Above are a couple of the pages for the earliest issues of France. The Y&T catalog shows examples in color in its Specialized volume, as do some of the other publishers, but not Scott. Notice as well the drawings of design variations. Tiny details can make the difference between a common, cheap variety, and a rare, extremely valuable one, so helping to make that distinction is one of the purposes of a Specialized catalog.
Here's a page for more recent listings, of 1986. Modern issues have fewer varieties, so the listings are simpler. The enlargement shows the listing for the US-France Joint Issue to commemorate the 100th birthday of the Statue of Liberty, and tells us that there is a fairly rare unperforated variety, plus postal stationery with the same stamp design. The number of stamps printed was 21.6 Million.
Another advantage of a Specialized catalog is its inclusion of detailed listings such as these, for the Railway Parcel Post stamps of France. These are Back of the Book (BOB) listings, which are either entirely absent from, or very abbreviated in generalized catalogs, since most collectors of world-wide or foreign issues focus entirely on the regular postage stamps.
Part of the fun of collecting is organizing and displaying what one collects, and albums are one very popular way of accomplishing those tasks. Typical commercial albums provide a designated space for each stamp of the country concerned, including usually a black-and- white image of the stamp, the catalog number assigned to that stamp by the maker of the album, and a description of the subject of the stamp. There can be great satisfaction to filling a page, or even an entire album, by affixing an example of the proper stamp in each of the spaces (though it will take a better student of human psychology than I to explain why).
If you prefer to arrange stamps according to your own design, or write them up according
to a personal taste, you can buy blank pages, and create your own album. Above is a page
I created to display Major Production Varieties of coils of the US Liberty Series of 1954-
68, an area I enjoyed collecting and studying for a while, because of the changes that
were occurring in production methods at the time these stamps were issued, and the
varieties like these that resulted. I used one of Scott's standard blank pages, because
I like the border design, and the faint grid helps me position the stamps better, but you
could use any (preferably archival) stock you like.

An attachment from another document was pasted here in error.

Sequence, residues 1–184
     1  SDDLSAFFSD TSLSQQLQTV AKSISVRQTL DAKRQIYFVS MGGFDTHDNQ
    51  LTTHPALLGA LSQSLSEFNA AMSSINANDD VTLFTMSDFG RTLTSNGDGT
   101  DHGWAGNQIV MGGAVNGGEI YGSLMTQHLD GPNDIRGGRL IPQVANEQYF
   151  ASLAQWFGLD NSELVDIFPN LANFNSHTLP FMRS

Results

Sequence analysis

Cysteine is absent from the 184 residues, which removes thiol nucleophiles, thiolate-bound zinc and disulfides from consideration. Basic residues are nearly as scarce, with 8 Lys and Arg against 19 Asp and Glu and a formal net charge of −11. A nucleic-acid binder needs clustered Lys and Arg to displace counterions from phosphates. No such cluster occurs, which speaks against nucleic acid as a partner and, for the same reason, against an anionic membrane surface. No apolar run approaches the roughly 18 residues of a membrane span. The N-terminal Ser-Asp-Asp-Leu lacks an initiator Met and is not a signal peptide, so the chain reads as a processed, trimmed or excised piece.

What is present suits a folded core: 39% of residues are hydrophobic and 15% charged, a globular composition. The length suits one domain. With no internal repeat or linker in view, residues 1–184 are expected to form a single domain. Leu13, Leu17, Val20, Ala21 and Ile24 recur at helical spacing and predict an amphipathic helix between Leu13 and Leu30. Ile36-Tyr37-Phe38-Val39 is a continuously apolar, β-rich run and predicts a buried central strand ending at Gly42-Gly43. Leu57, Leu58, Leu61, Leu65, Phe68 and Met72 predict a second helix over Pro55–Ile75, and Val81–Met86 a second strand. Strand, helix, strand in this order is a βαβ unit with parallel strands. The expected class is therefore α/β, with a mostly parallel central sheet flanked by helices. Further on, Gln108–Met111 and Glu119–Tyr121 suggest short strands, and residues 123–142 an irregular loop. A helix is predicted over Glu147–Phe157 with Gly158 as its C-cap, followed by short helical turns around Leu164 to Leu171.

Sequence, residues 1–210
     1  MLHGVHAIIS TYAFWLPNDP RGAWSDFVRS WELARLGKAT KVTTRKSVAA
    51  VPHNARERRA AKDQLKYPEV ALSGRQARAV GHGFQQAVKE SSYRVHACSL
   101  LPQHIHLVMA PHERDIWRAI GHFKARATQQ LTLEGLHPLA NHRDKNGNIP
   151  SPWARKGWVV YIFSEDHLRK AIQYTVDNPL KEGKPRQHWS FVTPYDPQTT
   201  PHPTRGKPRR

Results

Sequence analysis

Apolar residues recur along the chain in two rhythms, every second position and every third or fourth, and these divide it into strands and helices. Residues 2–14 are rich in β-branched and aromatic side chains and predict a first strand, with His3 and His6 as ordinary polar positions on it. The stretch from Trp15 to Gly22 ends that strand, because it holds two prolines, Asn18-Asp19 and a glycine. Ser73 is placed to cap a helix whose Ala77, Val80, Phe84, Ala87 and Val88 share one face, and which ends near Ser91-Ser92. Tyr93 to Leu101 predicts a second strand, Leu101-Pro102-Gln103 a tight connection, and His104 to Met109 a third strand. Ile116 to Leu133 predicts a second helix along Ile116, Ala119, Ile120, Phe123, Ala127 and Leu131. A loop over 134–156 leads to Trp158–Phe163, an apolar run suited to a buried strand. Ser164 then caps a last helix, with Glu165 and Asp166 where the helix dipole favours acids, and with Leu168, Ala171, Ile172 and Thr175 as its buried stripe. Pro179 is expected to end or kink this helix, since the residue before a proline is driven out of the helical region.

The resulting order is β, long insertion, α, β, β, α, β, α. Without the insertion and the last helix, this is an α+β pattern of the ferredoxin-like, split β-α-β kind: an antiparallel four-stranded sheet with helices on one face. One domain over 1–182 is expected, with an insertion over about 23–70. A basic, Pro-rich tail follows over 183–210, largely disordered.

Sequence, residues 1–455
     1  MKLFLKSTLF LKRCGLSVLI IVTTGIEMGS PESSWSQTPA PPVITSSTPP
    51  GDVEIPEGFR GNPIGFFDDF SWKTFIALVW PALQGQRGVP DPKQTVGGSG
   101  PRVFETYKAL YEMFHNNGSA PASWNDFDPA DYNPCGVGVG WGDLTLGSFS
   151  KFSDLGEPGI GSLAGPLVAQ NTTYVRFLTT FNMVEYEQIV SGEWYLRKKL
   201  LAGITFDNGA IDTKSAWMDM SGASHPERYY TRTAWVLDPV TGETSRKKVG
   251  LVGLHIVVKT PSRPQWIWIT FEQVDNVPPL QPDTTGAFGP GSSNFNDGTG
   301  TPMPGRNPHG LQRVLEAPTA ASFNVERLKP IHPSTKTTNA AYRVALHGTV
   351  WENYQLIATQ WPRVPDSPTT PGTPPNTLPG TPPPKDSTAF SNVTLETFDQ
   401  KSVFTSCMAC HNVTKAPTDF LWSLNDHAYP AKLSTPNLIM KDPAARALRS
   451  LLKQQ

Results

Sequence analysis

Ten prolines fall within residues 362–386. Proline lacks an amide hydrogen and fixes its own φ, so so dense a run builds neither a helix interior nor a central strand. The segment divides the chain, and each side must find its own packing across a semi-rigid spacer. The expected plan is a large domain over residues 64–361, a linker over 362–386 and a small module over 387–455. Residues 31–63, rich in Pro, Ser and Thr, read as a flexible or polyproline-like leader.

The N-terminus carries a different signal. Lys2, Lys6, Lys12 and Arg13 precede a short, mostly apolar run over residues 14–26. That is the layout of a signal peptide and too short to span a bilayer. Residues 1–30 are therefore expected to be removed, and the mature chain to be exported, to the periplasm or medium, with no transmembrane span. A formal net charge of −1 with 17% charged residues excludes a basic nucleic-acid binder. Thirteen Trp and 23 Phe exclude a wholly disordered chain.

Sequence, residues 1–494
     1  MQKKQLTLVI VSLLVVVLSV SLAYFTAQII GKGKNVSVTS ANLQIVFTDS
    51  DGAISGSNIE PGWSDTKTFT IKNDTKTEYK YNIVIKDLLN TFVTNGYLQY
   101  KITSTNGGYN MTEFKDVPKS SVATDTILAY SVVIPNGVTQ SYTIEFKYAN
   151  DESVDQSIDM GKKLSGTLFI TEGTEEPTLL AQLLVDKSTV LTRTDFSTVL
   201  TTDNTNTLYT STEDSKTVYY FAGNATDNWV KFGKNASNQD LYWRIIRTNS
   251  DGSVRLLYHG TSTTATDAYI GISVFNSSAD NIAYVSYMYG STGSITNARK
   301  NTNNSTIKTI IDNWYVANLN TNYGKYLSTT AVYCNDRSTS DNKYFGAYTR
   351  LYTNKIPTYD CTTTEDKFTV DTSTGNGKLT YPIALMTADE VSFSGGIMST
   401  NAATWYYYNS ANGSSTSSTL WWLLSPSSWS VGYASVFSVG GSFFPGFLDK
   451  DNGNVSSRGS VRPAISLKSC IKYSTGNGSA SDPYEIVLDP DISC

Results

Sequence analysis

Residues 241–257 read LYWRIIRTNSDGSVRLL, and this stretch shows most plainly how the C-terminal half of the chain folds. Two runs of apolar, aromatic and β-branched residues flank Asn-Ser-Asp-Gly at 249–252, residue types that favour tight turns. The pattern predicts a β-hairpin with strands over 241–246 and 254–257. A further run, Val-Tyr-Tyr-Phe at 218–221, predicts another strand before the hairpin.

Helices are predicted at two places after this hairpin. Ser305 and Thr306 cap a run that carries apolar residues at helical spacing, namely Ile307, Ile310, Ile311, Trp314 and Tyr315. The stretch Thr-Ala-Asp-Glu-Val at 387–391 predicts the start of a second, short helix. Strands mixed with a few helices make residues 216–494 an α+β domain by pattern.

Some people don't use albums at all, they prefer to store their collections in stock books or on stock pages. It offers the convenience of quick re-configuration and great flexibility, but lacks the finished look of an album page. It's your collection, choose what works best for you.
Stock books are also a popular way to store new acquisitions and duplicates, both
awaiting further processing - mounting, trade, or sale.
Tongs, magnifiers, glassines, hinges, mounts, cutters, UV lamps, perforation gauges, drying books, stamp lifting fluid, watermark fluid, etc. -
I have three pairs of stamp tongs that I can find right now, one pair that I actually
use, the others I acquired on the way to finding the ones I liked. They are not
"tweezers", mind you - stamp tongs and tweezers are only superficially the same.
I have at least seven magnifying glasses, and am still looking for the perfect one. The one I use the most is the one shown above, since it is very portable and incorporates a small flashlight to illuminate the subject, which can be very handy at dimly-lit stamp shows. But none of the ones I have ever seems quite right for the job. My scanner is the answer in some ways, since it allows me to examine stamps at extrememly high magnification, seeing the slightest variations, but its drawbacks are that I can't carry it with me, and it is slow. I'll keep looking.
Glassine envelopes come in many sizes, from these tiny ones barely large enough to hold one stamp, to ones that can hold an entire pane. Most are not archivally safe, so you should not use them for long-term storage, but they are indispensable for organizing and conveying stamps.
Philatelic literature is a collecting area in its own right. I could not have produced
these pages without my own modest library of
reference books, and stamp collectors seem
to enjoy writing about collecting almost as much as practicing it. I read somewhere that
there are more books about stamp collecting than any other hobby, and I suspect it is
true, since the library of the American Philatelic Society has over 4,500 titles listed
in its card catalog, and receives over 400 periodicals.
For more about philatelic catalogs and supplies, visit the web sites of their
Yvert & Tellier
Scott Publishing Company
Or see my Links Page for other sources of philatelic books and supplies.
Here's a web page with an extensive list of catalogs from all over the world.
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Revised -- 01/18/2007